CopyrightŠ2012 www.pictureperfectposes.com

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Picture Perfect Poses Mini Lighting Guide

Night Lighting This is a similar shot as the previous photo with the same settings. The bride had a wonderfully fully flowing dress and we took full advantage of the look. This sort of photo works great with a very long veil also.

CopyrightŠ2012 www.pictureperfectposes.com

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Picture Perfect Poses Mini Lighting Guide

Night Lighting Here is another night lighting photo. This one was taken in an archway with a white arch that picked up the flash. The rest of the area remained dark because on camera flash was not used in

order to also pick up the lovely lanterns at the facility. This photo silhouetted the couple wonderfully under the archway on purpose. The great thing about using pocket wizards or remote flash triggers is you are able to adjust the light and the direction of your light as you turn on and off the different triggers for vastly different affects.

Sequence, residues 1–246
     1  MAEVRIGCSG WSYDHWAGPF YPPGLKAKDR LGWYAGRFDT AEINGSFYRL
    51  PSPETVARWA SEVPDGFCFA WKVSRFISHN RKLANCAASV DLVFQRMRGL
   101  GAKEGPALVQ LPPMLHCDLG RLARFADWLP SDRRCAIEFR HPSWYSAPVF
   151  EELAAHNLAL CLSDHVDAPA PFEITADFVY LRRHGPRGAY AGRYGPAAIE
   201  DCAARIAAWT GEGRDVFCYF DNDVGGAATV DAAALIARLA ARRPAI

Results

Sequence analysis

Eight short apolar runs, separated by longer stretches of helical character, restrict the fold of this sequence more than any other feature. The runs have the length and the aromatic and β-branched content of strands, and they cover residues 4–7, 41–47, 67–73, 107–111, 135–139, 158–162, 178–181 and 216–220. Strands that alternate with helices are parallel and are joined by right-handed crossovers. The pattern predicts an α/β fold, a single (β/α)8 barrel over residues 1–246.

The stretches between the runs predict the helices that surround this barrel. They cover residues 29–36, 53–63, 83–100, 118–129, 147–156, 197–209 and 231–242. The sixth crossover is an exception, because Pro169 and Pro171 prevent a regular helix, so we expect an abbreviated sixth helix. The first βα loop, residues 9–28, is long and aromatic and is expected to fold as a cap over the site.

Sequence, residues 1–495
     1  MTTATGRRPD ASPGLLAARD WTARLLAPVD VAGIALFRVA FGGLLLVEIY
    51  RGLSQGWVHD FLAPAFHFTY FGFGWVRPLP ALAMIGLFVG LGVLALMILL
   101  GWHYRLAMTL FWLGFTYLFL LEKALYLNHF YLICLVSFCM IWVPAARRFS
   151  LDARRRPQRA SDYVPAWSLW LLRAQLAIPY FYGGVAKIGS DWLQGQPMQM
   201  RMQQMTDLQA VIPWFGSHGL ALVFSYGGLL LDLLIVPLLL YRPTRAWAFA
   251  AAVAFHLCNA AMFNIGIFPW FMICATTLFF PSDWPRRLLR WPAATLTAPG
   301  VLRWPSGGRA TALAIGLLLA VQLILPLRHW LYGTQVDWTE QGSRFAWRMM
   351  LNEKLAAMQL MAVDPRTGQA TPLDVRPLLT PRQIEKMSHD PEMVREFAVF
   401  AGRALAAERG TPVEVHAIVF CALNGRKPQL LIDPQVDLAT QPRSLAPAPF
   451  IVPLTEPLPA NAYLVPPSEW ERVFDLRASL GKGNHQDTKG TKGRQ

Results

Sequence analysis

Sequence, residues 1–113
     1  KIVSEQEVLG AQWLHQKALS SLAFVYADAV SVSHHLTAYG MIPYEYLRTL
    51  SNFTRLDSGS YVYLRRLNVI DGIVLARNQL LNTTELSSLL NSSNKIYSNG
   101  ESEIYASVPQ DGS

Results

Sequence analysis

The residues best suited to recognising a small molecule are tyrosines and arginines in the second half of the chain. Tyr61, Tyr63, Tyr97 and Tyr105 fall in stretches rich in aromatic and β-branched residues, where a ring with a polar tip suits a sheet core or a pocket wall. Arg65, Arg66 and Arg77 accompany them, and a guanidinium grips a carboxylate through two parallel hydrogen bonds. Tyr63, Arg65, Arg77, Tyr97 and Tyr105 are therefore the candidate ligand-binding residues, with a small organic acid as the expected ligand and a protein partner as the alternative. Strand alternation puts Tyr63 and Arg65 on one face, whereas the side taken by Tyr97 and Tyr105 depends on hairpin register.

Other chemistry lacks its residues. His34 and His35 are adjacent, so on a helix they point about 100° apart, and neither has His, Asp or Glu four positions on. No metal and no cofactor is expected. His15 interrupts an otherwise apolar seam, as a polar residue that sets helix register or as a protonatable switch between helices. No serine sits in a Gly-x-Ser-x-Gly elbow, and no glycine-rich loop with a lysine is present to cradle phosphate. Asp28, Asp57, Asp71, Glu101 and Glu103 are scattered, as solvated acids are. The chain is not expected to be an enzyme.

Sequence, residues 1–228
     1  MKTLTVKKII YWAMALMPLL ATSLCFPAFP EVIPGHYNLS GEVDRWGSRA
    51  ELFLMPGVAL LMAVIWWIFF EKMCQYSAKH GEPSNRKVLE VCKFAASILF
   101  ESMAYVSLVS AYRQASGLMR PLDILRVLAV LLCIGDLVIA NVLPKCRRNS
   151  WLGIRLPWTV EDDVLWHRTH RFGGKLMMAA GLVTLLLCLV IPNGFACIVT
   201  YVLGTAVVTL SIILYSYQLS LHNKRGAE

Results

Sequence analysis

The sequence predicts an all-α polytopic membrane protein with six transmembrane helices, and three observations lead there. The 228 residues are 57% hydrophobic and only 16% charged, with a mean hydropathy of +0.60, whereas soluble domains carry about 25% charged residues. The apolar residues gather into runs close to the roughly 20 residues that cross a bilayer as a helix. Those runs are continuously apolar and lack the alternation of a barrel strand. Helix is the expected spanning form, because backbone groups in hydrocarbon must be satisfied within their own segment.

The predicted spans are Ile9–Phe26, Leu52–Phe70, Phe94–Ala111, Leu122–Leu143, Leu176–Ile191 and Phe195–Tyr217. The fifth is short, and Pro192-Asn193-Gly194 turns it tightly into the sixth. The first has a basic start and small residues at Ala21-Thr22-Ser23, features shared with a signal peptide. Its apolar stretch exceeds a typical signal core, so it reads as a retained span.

CopyrightŠ2012 www.pictureperfectposes.com

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Picture Perfect Poses Mini Lighting Guide

Night Lighting In our final examples night lighting example we have a couple under a lantern at the lake. It was very dark making this photo even more difficult. A full moon or clear skies can help so much versus a really dark cloud covered night. In this situation you will almost certainly need to use a flash light to shine on the couple to get your camera sensor to locate the couple. This one was shot on manual at ISO 800, 2.8, at 1/50th with a remote flash on manual with 1/8th flash. No frontal flash was used and the couple is quite dark on this side of their faces but it makes for a wonderful looking photo. You can do something similar with a street light or park light where the ambient lighting will probably be greater thus improving the illumination of the couple.

CopyrightŠ2012 www.pictureperfectposes.com

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Picture Perfect Poses Mini Lighting Guide